She’s finding fellow fans in some surprising places. “My granddaughter’s elementary school (had) kids wear Knights gear for the last three playoff games, and it’s a uniform school,” she said.”It’s a private school, so they’re all about the uniforms, but uniforms are out the window.”
Now “I have to see how they’re doing, and I get happy when they win, and I’m amazed at how much they’re winning. All of my friends talk about it. We always talk about it. It’s exciting.”
The most definitive metric of her newfound fandom: Wilburn has a favorite player (goaltender Marc-Andre Fleury) and admits that “if I ever see any of them in public and I recognize they’re hockey players, I’ll be, like, starstruck.”
A young fan
Cashel Gardner, 21, has spinal muscular atrophy, a genetic disease that affects the nervous system’s ability to control muscle movement, which has kept him bedridden since he was a child. While Cashel can’t get out much, he enjoys watching Vegas Golden Knights games on TV.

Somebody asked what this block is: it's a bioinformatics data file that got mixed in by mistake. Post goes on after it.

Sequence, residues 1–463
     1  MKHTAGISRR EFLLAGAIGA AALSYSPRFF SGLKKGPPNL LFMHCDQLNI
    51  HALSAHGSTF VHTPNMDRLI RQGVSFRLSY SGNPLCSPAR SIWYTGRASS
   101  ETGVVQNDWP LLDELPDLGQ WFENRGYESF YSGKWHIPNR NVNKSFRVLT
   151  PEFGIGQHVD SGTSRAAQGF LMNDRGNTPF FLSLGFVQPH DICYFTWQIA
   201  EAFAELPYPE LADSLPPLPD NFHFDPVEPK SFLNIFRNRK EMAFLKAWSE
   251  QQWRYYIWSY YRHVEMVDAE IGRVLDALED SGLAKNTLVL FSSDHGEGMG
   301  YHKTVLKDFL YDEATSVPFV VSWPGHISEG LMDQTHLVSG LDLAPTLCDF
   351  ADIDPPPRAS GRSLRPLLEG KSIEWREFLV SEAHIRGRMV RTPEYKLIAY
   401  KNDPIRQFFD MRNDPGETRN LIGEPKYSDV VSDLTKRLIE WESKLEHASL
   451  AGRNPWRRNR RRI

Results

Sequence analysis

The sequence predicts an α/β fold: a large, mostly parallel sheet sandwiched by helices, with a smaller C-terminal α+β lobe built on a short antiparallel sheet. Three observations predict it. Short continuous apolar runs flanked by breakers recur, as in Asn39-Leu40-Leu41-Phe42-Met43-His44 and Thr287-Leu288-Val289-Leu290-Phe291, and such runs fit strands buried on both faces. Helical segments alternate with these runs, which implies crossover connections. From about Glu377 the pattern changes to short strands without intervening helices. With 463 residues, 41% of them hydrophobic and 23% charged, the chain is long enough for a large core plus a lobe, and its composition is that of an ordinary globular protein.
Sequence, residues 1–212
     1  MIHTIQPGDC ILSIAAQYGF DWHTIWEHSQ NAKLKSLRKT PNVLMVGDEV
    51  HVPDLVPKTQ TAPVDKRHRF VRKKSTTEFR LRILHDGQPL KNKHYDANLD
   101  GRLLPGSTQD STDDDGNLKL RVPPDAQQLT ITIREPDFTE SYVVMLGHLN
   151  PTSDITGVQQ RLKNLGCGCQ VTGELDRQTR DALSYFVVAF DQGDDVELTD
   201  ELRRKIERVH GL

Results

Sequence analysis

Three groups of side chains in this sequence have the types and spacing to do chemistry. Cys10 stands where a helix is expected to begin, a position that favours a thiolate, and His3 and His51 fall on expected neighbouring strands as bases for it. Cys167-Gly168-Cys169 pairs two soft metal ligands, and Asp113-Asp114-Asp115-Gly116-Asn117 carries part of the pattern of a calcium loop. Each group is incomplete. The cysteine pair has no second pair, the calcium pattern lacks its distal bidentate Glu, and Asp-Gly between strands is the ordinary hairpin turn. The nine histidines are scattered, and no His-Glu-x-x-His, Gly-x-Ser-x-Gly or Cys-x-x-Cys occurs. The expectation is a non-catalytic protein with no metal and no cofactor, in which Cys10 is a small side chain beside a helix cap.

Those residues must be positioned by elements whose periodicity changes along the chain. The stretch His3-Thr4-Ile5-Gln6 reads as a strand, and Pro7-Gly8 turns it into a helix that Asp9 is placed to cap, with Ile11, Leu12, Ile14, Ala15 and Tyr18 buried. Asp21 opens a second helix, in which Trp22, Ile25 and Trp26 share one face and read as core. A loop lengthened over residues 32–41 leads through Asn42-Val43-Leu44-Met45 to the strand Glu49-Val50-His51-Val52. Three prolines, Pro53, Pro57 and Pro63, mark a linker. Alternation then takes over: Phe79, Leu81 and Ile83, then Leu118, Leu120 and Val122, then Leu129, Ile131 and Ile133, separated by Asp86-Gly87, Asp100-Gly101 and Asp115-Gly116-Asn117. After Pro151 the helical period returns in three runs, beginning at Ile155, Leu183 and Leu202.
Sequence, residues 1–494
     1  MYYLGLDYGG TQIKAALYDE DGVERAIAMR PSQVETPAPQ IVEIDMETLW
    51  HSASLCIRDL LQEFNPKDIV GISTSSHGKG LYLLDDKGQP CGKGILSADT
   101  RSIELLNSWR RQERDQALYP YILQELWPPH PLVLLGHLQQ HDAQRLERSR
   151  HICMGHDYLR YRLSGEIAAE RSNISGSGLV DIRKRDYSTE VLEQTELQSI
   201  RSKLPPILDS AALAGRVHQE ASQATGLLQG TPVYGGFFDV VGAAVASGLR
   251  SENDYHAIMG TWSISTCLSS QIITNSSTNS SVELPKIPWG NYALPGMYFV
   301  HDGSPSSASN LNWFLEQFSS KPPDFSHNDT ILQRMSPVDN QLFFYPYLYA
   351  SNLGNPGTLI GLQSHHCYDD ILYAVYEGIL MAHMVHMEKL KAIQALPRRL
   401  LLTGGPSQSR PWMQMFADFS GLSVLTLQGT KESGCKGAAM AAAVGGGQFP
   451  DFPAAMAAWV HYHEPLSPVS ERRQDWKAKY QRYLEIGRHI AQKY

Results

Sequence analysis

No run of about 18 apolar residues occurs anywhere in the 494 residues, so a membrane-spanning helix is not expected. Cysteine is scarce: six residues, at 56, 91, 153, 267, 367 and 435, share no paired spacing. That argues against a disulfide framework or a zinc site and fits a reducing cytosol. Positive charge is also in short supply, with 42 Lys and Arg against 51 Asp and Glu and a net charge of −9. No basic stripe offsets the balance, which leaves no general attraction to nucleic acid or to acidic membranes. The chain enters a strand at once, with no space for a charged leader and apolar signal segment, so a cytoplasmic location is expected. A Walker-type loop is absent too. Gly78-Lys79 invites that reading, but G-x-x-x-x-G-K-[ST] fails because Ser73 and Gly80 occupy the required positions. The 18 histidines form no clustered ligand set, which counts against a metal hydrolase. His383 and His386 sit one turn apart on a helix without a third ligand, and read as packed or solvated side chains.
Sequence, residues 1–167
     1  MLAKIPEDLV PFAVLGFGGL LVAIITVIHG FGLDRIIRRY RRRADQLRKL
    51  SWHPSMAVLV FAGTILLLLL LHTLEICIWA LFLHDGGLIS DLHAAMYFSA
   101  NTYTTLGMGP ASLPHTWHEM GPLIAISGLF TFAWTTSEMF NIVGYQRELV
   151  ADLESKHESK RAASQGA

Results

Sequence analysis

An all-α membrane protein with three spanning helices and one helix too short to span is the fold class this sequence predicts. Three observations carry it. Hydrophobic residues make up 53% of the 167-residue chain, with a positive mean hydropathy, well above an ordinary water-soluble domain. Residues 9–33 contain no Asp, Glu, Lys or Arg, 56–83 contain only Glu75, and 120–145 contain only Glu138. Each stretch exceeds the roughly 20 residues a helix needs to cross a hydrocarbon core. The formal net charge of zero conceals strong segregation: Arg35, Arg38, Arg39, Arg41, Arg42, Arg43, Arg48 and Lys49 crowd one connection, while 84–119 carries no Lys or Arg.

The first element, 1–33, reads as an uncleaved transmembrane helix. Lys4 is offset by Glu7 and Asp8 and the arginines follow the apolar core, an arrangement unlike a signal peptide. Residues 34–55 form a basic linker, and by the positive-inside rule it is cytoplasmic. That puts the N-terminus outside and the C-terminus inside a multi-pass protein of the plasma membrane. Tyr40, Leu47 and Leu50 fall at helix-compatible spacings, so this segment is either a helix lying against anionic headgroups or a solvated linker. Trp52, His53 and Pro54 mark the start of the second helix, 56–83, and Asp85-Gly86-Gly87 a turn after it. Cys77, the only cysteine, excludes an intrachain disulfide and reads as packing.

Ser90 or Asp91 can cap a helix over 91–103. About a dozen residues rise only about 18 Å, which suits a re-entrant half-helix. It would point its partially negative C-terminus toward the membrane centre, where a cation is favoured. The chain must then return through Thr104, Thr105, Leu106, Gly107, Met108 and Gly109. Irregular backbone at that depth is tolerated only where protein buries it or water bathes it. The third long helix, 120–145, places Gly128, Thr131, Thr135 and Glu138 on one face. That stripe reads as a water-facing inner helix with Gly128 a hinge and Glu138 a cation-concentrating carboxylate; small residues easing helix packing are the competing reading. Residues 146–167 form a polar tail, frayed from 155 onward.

Cashel’s mother, Sandy Gardner, said Cashel never has been much of a sports fan. “He won’t even watch the Super Bowl,” she said, but “he’s the first one to have the hockey game on when it’s time.”
Sandy said the appeal for Cashel is the excitement of the games and the way in which the team embraced the community — and the community embraced the team right back — after the Oct. 1 Route 91 Harvest Festival shooting.
Most of all, Sandy said, Cashel loves that “the whole city, everybody, is crazy about it. I think that’s the biggest thing he loves. He loves being part of something like that.”
A late-blooming fan
Stephen Miller wasn’t a hockey fan, despite being born in a hotbed of hockey, Connecticut. “I love every sport, but just could never get into it.”